This was the first public showing of Henna Pride, from India. This spectacular quilt is made up of hands painted with henna that are overlaid on a dark blue background that grows lighter towards the edges. The hands are reaching up, as if seeking to escape from the dark. The hands were painted in the state of Gujarat, India, by gay and transgender artists under the auspices of the Vikalp Women’s Group. Vikalp, an AP partner, advocates for the rights of tribal women and members of the LGBTI (Lesbian, Gay, Bisexual, Transgender and Intersex) community. Peace Fellow Gisele Bolton helped the artists and brought the squares back to the US, where they were assembled by John Anderson and Nancy Evans.


Allison Wilbur, from Quilt for Change, and Iain Guest from AP at the opening of the Lowell exhibition.

Experts from the museum were full of praise for Henna Pride. Pamela Weeks, curator at the Museum observed: “This is a wonderful example of an art that is typical of the region from whence it comes and yet is transformed by an American quilter. It starts with a dark center representing the darkness of being alone, of persecution, and then it gets brighter. What I have learned in my years as a curator is that every quilt has a story to tell – whether it’s a mid-19th century New England family through a signature quilt or transgender people from India. Quilts are objects of comfort that can be used to tell stories. These are beautiful quilts that tell difficult stories.”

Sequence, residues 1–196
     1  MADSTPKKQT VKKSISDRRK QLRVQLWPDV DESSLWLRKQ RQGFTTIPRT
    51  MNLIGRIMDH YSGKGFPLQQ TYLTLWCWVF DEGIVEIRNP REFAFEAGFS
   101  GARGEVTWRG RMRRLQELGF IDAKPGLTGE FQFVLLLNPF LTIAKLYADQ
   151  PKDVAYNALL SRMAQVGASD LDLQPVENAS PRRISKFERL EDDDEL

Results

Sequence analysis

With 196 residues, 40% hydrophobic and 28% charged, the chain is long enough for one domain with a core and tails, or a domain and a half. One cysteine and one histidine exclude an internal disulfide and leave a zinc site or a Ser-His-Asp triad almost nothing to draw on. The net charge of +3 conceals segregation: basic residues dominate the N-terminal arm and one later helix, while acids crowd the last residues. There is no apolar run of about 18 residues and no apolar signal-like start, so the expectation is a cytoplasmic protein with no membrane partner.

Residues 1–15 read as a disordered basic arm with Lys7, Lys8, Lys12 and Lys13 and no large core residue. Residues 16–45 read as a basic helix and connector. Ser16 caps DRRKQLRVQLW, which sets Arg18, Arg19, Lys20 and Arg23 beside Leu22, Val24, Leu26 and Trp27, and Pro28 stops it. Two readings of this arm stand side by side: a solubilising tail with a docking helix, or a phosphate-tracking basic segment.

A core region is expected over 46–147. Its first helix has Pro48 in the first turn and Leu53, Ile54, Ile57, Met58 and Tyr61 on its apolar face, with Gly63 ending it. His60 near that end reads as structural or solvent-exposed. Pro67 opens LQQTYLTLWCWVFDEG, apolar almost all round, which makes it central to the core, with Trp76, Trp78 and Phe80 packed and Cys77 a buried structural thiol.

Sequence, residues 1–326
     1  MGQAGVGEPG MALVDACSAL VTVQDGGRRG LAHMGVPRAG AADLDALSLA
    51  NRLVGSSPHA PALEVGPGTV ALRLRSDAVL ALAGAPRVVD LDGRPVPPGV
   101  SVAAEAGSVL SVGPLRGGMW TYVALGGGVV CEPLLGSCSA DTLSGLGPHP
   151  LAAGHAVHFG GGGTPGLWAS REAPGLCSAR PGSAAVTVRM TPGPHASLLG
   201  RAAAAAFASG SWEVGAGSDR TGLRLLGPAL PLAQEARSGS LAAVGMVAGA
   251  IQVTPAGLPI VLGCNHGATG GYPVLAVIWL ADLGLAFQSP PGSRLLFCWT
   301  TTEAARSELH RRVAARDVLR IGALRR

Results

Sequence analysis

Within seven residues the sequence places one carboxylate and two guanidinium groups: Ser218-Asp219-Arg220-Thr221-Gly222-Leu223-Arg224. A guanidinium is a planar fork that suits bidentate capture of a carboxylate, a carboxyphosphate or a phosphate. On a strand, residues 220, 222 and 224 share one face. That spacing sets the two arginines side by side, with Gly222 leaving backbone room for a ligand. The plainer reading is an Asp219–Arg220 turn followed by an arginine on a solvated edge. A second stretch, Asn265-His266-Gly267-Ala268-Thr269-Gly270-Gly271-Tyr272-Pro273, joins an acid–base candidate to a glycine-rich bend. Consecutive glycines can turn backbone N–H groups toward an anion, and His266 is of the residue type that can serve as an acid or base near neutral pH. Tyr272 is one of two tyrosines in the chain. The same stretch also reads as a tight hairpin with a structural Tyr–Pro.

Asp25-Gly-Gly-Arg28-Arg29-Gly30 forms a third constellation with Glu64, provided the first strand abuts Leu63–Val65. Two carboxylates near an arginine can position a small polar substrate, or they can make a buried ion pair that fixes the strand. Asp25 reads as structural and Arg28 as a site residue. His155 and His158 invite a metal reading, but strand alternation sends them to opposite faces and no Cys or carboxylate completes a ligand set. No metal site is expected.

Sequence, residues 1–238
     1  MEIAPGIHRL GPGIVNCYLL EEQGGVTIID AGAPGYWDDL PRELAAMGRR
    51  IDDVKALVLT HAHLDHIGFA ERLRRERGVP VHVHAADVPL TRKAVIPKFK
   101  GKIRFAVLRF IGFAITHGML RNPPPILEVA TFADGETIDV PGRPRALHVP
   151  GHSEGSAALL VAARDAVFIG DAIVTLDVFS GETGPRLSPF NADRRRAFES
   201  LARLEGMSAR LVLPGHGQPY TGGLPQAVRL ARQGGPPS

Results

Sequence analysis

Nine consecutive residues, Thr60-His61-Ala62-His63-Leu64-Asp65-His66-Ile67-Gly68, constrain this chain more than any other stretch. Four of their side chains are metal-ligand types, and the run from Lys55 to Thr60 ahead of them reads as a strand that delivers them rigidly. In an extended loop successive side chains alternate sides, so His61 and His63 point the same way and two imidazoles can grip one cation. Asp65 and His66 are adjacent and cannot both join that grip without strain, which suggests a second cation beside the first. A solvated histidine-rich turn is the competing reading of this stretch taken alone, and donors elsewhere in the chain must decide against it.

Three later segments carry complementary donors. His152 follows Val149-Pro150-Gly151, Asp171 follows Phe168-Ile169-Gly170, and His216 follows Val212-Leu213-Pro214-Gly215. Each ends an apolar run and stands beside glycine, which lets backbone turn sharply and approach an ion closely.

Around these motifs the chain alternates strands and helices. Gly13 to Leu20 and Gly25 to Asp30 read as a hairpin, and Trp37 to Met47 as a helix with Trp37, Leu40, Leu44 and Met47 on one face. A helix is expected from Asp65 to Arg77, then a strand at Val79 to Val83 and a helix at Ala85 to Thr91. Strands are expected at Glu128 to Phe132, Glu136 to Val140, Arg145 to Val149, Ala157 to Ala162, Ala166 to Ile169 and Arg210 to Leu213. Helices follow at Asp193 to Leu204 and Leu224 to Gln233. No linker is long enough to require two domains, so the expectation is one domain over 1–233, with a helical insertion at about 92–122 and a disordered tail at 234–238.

Nora Burchfield, Executive Director of the Museum, agreed. “It’s a difficult story to tell in a way that’s accessible. People respond to quilts. They pull you in and they are non-threatening, but at the same time you are telling a story that is very sad. It’s an impressive exhibition.”

Ten AP partners from 8 countries provided the following quilts for the Lowell exhibition: Henna Pride (India); the River Gypsy Quilt (Bangladesh); the Rehema Widows’ Quilt (Kenya); the Women’s Microcredit Quilt (Bangladesh); the Belize Forest Quilt; the Fifth Ahadi (Promise) Quilt (DRC); the Romano Trajo (Roma Life) Quilt (Lithuania); the Second Mahilako Swastha (Women’s Health) Quilt (Nepal); the Chintan Wastepickers’ Quilt (India); and the Gracanica Roma Quilt (Kosovo).


Salve Regina University, Newport, Rhode Island, March 8 – March 16, 2016